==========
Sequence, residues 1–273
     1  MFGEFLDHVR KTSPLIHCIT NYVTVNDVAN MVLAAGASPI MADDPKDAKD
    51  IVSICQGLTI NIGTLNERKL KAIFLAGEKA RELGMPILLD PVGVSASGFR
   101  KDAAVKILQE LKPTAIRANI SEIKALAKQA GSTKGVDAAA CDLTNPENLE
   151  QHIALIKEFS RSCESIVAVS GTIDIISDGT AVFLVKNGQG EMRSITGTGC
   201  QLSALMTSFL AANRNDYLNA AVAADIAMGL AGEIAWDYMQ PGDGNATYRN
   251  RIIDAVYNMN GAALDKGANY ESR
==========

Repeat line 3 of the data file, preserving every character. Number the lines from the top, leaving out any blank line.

    51  IVSICQGLTI NIGTLNERKL KAIFLAGEKA RELGMPILLD PVGVSASGFR